- We admitted we were powerless over alcohol – that our lives had become unmanageable.
- Came to believe that a Power greater than ourselves could restore us to sanity.
- Made a decision to turn our will and our lives over to the care of God as we understood Him.
- Made a searching and fearless moral inventory of ourselves.
- Admitted to God, to ourselves, and to another human being the exact nature of our wrongs.
- Were entirely ready to have God remove all these defects of character.
- Humbly asked Him to remove our shortcomings.
- Made a list of all persons we had harmed, and became willing to make amends to them all.
- Made direct amends to such people wherever possible, except when to do so would injure them or others.
- Continued to take personal inventory and when we were wrong promptly admitted it.
- Sought through prayer and meditation to improve our conscious contact with God as we understood Him, praying only for knowledge of His will for us and the power to carry that out.
- Having had a spiritual awakening as the result of these steps, we tried to carry this message to alcoholics, and to practice these principles in all our affairs.
The AA Slogans
During my first few AA meetings, I noticed that people kept repeating the same phrases. The first few times I heard them I just thought they were random little snippets that people would throw into their stories.
But as time went on, I realized that these Alcoholics Anonymous slogans were actually a critical component of the entire program. These short reminders and inspirational sayings were so quick, so memorable, that I soon found myself repeating them throughout the day, especially during trying times.
These phrases are just some of the AA slogans I’ve come across. Hopefully, they’ll help you think twice before acting and keep you inspired like they did for me.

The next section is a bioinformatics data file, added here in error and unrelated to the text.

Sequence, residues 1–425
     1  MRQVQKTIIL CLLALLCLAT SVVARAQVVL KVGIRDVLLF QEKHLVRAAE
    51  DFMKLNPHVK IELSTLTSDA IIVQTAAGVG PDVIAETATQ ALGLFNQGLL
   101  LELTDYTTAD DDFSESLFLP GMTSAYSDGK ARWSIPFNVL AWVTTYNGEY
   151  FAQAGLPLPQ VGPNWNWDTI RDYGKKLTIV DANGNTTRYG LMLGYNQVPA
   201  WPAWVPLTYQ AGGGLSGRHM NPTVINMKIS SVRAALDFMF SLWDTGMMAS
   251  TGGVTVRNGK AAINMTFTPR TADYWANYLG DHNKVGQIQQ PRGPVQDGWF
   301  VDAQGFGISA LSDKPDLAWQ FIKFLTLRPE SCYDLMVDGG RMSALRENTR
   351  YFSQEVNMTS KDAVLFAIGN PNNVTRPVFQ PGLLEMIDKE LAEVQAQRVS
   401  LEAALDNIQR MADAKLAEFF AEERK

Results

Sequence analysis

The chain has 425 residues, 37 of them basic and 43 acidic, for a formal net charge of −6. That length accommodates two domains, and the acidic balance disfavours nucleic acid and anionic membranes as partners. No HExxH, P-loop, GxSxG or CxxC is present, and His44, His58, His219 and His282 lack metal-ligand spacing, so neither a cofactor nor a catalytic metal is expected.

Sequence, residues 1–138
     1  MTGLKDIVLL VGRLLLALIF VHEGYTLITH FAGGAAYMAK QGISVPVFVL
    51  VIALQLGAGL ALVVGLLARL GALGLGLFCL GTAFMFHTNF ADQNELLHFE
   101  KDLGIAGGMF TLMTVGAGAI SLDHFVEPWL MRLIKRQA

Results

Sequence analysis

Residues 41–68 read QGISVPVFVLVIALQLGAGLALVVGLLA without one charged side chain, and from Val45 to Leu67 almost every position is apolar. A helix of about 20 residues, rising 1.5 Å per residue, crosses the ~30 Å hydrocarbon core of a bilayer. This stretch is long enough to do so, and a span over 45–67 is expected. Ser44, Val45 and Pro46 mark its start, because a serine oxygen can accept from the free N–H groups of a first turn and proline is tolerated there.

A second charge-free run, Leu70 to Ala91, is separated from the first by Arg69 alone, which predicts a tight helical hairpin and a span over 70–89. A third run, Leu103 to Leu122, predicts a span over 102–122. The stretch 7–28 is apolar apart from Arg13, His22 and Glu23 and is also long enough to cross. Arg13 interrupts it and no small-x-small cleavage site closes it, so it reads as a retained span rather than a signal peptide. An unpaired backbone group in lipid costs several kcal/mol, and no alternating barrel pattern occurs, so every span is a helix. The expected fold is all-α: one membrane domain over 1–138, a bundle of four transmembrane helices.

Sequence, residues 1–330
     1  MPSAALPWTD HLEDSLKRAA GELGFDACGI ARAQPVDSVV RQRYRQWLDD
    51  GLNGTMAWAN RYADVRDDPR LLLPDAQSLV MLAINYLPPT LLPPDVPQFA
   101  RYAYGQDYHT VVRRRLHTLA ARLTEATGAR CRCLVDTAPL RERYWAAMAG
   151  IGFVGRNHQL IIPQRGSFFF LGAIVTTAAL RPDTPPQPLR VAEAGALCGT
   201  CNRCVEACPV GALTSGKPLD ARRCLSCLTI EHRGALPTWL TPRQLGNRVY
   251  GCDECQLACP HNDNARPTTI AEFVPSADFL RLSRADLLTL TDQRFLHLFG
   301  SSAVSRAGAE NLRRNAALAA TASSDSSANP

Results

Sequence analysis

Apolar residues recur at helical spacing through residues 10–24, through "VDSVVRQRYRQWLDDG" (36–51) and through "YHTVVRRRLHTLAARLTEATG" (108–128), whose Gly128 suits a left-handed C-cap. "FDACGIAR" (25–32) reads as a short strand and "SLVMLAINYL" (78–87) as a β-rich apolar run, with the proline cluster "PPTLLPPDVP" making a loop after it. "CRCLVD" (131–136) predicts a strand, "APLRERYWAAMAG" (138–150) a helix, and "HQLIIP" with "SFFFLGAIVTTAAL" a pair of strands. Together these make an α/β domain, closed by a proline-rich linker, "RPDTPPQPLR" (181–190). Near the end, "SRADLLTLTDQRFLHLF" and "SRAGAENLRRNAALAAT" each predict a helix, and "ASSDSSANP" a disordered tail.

- One Day at a Time
- THINK (Thoughtful, Honest, Intelligent, Necessary, Kind)
- Let Go and Let God
- Easy Does It
- Listen and learn
- Together We Can Make It
- First Thing’s First
- Live and Let Live
- Principles Above Personalities
- Keep It Simple
Alcoholics Anonymous Books
Even after two years sober, I still attend meetings every now and then. Sometimes its once a week, other times once a month. Every now and then I’ll be looking for a meeting every single day but, thankfully, those don’t happen too often anymore.
One thing I have found that helps keep me committed and focused on a sober life is reading Alcoholics Anonymous books whenever I can. They usually contain personal stories that range from the slow degradation of a functioning alcoholic’s life down to the tragedies of those who’ve hit rock bottom and picked themselves up to help others learn from their experiences.
These AA books, along with collections of daily meditations and reminders, can be truly instrumental in adhering to your desire to stay sober. They certainly were in mine.
- Big Book of Alcoholics Anonymous by Alcoholics Anonymous
- Living Sober by Alcoholics Anonymous
- Experience, Strength & Hope by Alcoholics Anonymous
- As Bill Sees It: The A.A. Way of Life… Selected Writings of A.A.’s Co-Founder by Bill W.
- The Craving Brain: Science, Spirituality and the Road to Recovery by W. Anderson Spickard Jr.
Find a Meeting with the AA Meeting Directory
If my story has inspired you to take the step towards a sober life through Alcoholics Anonymous, I encourage you to find a meeting close to you and attend. They take place in each and every state as well as in multiple provinces in Canada and in Bermuda.
Take a look at the Alcoholics Anonymous Meeting Directory to find a meeting near you.
You can also find a list of Adult Children of Alcoholics or ACOA meetings in your area as well.
Taking the path of sobriety isn’t easy. In fact, it’s harder than most people can even imagine. But with the support and guidance of the people you meet in AA, you can rest assured that you won’t be doing it alone.
Alcoholics Anonymous (1952). The Twelve Steps of Alcoholics Anonymous. Retrieved from http://www.aa.org/assets/en_US/smf-121_en.pdf
Alcoholics Anonymous (n.d.). What is A.A.? Retrieved from http://www.aa.org/pages/en_US/what-is-aa
National Institute on Alcohol Abuse and Alcoholism (n.d.). Alcohol’s Effects on the Body. Retrieved from https://www.niaaa.nih.gov/alcohol-health/alcohols-effects-body